For example, in planned development at the current post office at 23rd and Union, the strong community preference was for multiple smaller businesses versus a big-box store. When the zoning decisions are made for that parcel, the community input will be factored in. The Central District action plan is the city’s second such initiative. The first effort started in 2011 in Rainier Beach, a process with fewer participants but one that built a community-centered road map for the neighborhood to follow as it made development decisions. This includes zoning and land-use guidelines as well as an urban design framework.

An ethnic hub
One prominent member of the advisory core team is Wyking Garrett, the founding director of the Umojafest P.E.A.C.E. Center and a member of the leadership team behind the Africatown Innovation Center at the Horace Mann school building. Before coming to an agreement to leave the Horace Mann building during its renovation, the Innovation Center operated at the former school on Cherry, offering a space for youth education, technology access, African-American heritage immersion and a middle school for Muslim girls.

On a visit in October, the center was bustling: African-American youth using computers, community members creating banners against racism, young people painting a mural in a garden. Throughout the building were symbols and reminders of a proud black history.
This is one of Garrett’s visions for the Central District: a hub for African-American-centered education and learning, a safe place for youth to grow their skills. Yet in mid-November, the last holdouts occupying the school were removed, and four activists were arrested during the eviction. The Innovation Center is now looking for a new location.

The displacement does not deter Garrett. Another vision he has for the Central District is Africatown itself. “When [African-Americans] migrated from other parts of the country to make a better life here, they were forced to live in this area. As a result, it became the cultural and economic hub of people of African descent in the Pacific Northwest. Africatown represents leveraging the best of the African diaspora and making that a positive value-add to Seattle.” (Photo: Danyale Thomas Ross (at right, with customer Barbara Brown), owner of Good Hair Salon on 19th and Yesler, has been active in setting a course for the neighborhood. She was born in the Central District and graduated from Garfield High School)

Garrett’s vision is to use the model of Seattle’s Chinatown–International District to create a core area for culture, goods and food of the African diaspora in the Central District. Longtime African-American neighborhood mainstays, such as Catfish Corner and Ezell’s, are now joined by more recent East African immigrant restaurants, such as Cafe Selam and Assimba.
“[Asian-Americans] have a Chinatown–International District Preservation Authority—to preserve and develop. It’s about the past and it’s about the future. This is the only African-American community,” Garrett says. “Part of the solution Africatown represents is that this is not lower Capitol Hill, this is not west Leschi, not upper Madison Park. All these different ways they seek to ignore or marginalize, or devalue the people who have made their lives here and contributed to the richness that Seattle offers to the world.”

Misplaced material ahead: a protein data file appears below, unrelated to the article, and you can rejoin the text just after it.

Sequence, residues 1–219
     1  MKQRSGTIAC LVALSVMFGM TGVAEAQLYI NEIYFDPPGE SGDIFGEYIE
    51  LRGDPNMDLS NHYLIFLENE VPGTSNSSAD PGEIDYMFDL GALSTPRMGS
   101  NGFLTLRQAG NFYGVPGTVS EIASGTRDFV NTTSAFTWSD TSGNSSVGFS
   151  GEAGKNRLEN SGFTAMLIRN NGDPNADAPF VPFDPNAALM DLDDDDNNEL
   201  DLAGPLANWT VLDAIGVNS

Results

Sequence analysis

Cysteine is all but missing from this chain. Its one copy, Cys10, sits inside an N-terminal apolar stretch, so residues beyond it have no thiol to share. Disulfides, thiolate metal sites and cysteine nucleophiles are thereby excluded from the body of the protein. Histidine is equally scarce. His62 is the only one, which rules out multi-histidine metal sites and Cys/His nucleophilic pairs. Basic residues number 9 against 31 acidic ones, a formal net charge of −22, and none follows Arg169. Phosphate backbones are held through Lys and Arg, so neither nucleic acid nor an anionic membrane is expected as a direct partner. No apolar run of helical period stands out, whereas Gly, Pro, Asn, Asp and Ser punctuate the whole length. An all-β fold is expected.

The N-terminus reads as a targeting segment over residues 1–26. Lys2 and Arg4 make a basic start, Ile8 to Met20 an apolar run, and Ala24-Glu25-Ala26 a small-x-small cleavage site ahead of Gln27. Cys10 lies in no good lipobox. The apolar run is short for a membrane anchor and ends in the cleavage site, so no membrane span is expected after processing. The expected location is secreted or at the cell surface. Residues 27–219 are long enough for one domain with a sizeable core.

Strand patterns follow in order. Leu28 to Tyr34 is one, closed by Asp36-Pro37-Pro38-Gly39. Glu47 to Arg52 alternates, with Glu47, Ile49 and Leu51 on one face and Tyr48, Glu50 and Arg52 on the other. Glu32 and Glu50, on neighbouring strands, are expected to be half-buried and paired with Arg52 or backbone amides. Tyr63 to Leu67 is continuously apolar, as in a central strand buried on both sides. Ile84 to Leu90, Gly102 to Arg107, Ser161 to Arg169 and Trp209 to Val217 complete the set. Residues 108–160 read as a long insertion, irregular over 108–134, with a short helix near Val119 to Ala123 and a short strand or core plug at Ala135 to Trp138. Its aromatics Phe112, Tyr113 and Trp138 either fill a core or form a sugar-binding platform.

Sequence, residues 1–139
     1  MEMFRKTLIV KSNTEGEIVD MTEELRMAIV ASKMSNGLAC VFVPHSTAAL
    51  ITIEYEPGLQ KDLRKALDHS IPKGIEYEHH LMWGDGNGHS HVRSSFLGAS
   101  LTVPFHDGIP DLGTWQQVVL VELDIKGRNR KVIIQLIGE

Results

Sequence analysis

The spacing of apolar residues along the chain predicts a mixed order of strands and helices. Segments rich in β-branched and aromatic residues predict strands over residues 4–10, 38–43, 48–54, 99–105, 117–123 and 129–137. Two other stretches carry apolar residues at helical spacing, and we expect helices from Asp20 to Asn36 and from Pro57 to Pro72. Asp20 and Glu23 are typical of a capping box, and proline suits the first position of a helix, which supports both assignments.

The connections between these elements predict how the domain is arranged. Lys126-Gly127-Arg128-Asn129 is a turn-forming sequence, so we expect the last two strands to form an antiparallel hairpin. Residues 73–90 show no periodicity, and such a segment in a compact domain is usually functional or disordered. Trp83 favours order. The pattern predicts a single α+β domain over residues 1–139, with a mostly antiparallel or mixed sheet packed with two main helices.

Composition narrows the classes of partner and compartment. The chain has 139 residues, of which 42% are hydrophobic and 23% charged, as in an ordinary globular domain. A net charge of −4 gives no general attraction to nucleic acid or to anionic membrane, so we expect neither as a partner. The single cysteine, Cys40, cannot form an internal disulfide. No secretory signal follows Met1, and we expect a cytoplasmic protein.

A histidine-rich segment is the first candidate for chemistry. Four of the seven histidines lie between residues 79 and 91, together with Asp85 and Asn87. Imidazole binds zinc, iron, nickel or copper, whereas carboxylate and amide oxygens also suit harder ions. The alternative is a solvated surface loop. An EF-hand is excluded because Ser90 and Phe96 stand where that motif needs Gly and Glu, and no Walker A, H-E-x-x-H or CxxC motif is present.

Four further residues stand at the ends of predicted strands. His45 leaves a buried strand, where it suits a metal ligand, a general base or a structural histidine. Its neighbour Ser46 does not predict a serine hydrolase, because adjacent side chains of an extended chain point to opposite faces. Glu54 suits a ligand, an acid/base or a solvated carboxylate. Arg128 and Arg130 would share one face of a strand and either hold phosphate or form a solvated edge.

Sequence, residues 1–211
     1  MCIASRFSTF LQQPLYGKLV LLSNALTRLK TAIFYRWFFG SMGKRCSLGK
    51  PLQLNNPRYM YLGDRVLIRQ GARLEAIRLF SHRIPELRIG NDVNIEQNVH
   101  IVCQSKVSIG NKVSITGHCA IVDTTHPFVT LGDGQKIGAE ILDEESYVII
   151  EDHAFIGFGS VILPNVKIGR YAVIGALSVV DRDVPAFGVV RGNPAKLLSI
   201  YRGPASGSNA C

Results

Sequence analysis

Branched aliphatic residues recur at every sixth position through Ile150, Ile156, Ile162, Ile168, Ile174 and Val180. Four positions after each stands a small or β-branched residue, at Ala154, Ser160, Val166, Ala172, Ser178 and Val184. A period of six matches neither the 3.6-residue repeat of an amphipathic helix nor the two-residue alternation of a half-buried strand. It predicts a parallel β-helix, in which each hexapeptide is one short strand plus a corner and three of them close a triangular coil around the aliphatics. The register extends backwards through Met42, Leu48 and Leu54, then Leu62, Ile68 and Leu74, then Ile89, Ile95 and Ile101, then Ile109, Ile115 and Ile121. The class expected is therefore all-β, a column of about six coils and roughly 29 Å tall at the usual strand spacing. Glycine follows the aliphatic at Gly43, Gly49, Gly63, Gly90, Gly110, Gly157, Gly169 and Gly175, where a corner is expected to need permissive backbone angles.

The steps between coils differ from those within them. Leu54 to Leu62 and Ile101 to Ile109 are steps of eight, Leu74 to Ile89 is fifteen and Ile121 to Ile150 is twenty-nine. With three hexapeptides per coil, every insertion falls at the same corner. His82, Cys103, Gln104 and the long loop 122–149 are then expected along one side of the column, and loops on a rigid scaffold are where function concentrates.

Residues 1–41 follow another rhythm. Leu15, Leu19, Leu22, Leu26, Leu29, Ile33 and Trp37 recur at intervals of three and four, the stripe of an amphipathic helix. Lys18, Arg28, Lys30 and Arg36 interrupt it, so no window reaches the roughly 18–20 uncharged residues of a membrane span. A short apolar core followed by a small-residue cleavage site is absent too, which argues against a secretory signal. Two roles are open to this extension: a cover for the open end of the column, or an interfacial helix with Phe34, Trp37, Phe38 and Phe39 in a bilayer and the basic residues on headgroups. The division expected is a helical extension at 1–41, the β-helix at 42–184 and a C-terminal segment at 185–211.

Much like in Seattle’s Chinatown–International District and ethnic hubs across the country, Garrett envisions Africatown as a destination for all people who value the contributions and history of African-Americans. At a January community meeting, the crowd erupted in applause when after an Africatown presentation by Garrett, the new-mayor Ed Murray said he felt the city should refer to the area as Africatown–Central District.

Gentrification or progress?
Garrett knows that his vision for the Central District is not shared by everyone, that for some, “gentrification” is not a bad word. “You have some people on the committee who want to eliminate the black presence; gentrification cannot happen fast enough for them” he says.

He wonders why in a historically black community, the right for African-Americans to have space and influence is even in question. “A lot of people ask the question, ‘Are these same type of meetings happening in Chinatown?’ Or does the pan-Asian community decide what is happening in Chinatown–International District, and why does the African-American not have the equal respect in their space?” (Photo: Neighborhood activist Wyking Garrett, outside the Horace Mann school, where the Africatown Center for Education and Innovation operated until it was shut down for building renovations late last year)

Quintard Taylor, a professor of American history at the University of Washington and the author of The Forging of a Black Community: Seattle’s Central District from 1870 through the Civil Rights Era, says transition has been a constant in the history of the Central District.

“We sometimes think that gentrification is new, it’s not new—it’s part of neighborhood secession,” Taylor says. “Community secession and change has always marked these locales; it’s part of a continuum since Seattle was born. The Central Area was always a racially mixed area, it was the model of diversity when there wasn’t a lot of diversity.… But what makes it a ghetto is that blacks couldn’t live elsewhere in the city.”

Redlining and restrictive covenants established in the early 1900s were created based on an area’s ethnic and economic composition. This practice enforced neighborhood segregation and ensured that African-Americans would not be able to move outside the Central District. From the segregation, a community was born.

“Black people took that ghetto, which other people said, ‘this is the place you are forced to live, you’re confined …’ and within the confines of that, they created a rich and dynamic culture,” Taylor says. “That’s the paradox. Now the question is: how do you maintain that rich and dynamic culture when the ghetto no longer exists.”